I deleted Facebook and Messenger from my phone. They’ve been gone about ten weeks now.
Back in March I wrote this post about how Facebook is occasionally enjoyable, and how that’s been enough for me to keep coming back despite not enjoying it much otherwise. It got me to thinking: why do I spend so much time in something I don’t really enjoy? That’s when I said goodbye to the apps.
Until a few years ago I genuinely liked Facebook. It was great fun to connect with people from all phases of my life. My Facebook friends used to share more from their lives, writing a line or two about something they were doing, or sharing a photo they took. I know they shared only the portion of their lives they wanted others to see and framed it in only positive light. But it was fun anyway.
Now it seems that most people just share memes and articles. And I don’t usually enjoy the subject matter:
Your posts about the second amendment and gun control aren’t going to change my mind on the matter, or anybody else’s, either. We’re only going to alienate each other.
I consider myself to be politically conservative. Now, I weep for how far off the rails the Republican Party has gone. I pray for its restoration to sanity. Still, the basic principles of conservatism resonate with me. It genuinely hurts when you post things that put down my politics. I am not the monster you make out conservatives to be.
And to my conservative friends, I’m equally disappointed and offended when you put down the other side. They aren’t monsters either. Like us, they are people trying to figure out the best way forward.
To both sides, if you call the other side names (e.g., “libtard”), I’ve already unfollowed you.
I’ve been incredulous over how many shared so-called “news” articles in my feed are thinly veiled opinion pieces or have used poor, even deliberately manipulative, forms of argumentation. Do you actually believe this crap? Have you spent any time evaluating these articles’ illogic? Have you sought to understand these matters from other perspectives?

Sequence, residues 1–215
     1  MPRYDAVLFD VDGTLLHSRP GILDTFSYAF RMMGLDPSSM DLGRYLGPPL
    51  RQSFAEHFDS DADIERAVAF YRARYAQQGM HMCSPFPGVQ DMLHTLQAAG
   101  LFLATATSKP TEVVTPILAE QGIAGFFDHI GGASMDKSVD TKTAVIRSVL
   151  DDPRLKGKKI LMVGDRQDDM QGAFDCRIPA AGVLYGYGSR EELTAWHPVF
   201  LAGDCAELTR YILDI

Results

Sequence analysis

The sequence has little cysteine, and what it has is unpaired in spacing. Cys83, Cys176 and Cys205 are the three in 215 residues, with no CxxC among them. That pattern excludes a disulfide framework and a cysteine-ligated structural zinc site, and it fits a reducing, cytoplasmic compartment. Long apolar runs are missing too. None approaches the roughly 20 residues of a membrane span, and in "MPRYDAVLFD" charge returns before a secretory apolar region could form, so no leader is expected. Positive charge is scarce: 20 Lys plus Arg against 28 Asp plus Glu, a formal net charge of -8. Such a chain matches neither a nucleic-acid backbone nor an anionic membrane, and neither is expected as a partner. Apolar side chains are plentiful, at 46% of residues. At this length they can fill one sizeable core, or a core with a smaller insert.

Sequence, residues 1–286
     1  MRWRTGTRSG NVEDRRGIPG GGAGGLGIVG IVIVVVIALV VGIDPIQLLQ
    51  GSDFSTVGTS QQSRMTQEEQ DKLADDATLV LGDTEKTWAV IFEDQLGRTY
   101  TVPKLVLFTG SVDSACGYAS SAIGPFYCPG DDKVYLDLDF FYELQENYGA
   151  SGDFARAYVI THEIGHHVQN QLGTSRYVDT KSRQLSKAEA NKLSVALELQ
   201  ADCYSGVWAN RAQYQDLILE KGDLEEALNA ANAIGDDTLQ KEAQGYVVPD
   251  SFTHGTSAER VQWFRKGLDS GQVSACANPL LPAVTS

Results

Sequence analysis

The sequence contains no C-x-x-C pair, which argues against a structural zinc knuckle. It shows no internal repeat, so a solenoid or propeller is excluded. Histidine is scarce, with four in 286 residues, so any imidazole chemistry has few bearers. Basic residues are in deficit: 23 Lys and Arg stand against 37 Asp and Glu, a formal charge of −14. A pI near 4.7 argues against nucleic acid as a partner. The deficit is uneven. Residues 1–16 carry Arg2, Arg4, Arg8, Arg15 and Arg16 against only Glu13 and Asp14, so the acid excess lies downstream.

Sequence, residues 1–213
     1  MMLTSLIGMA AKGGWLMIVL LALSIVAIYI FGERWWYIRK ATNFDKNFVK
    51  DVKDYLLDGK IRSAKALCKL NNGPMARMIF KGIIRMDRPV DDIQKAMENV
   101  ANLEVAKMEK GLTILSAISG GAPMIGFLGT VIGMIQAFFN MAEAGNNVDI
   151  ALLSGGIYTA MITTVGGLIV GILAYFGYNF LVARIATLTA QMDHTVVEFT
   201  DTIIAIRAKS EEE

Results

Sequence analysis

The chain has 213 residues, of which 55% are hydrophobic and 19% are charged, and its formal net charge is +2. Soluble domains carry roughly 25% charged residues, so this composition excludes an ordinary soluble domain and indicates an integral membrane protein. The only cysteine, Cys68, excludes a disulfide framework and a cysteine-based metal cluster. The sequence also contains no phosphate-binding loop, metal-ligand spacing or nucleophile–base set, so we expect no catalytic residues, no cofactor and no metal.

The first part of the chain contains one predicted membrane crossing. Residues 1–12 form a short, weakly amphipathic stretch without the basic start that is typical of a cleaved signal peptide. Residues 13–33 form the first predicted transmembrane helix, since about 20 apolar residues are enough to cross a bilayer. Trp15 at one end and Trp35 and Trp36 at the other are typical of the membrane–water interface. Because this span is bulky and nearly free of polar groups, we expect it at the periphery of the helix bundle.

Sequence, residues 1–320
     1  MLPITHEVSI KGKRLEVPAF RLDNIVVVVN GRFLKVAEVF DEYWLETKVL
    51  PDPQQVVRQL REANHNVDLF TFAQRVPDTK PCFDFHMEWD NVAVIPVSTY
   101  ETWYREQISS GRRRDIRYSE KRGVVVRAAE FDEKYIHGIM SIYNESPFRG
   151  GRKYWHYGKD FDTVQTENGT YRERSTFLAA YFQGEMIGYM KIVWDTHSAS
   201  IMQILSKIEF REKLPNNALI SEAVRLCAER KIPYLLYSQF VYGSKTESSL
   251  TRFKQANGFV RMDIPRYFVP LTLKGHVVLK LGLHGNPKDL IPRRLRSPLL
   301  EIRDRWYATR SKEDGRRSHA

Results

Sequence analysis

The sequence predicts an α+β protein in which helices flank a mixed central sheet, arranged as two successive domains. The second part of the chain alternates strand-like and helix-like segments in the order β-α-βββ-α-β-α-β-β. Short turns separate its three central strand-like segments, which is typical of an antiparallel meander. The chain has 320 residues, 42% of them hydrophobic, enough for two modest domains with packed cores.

That leaves the cutesey and heartstring-plucking shares. And oh my gosh, are there ever a lot of them now. At least they don’t make me angry. But it’s not enough to keep me coming back.
In case you are one of my Facebook friends and now feel offended because I’m pointing a finger at you, I’m sorry.
I get it: we are all troubled by the times we live in. We wring our hands, we air our fear and anger, and we seek friends of like mind to help us feel better.
But it is hurting, not helping. It is alienating us, not knitting us together. It is making Facebook a wasteland, not a place where we can enjoy each other even if from afar.
Even though the apps are gone from my phone, I still check Facebook on my computer once or twice a day. My blog posts automatically post to Facebook each day and I want to see if anyone commented on them there. Also, I follow a couple groups there that remain fun.
For the first couple weeks with Facebook gone from my phone, I was at loose ends when I had idle time. I’ve since downloaded the Kindle app and am reading more books. That feels like a giant win.
Last updated on 2 March 2020 by Jim Grey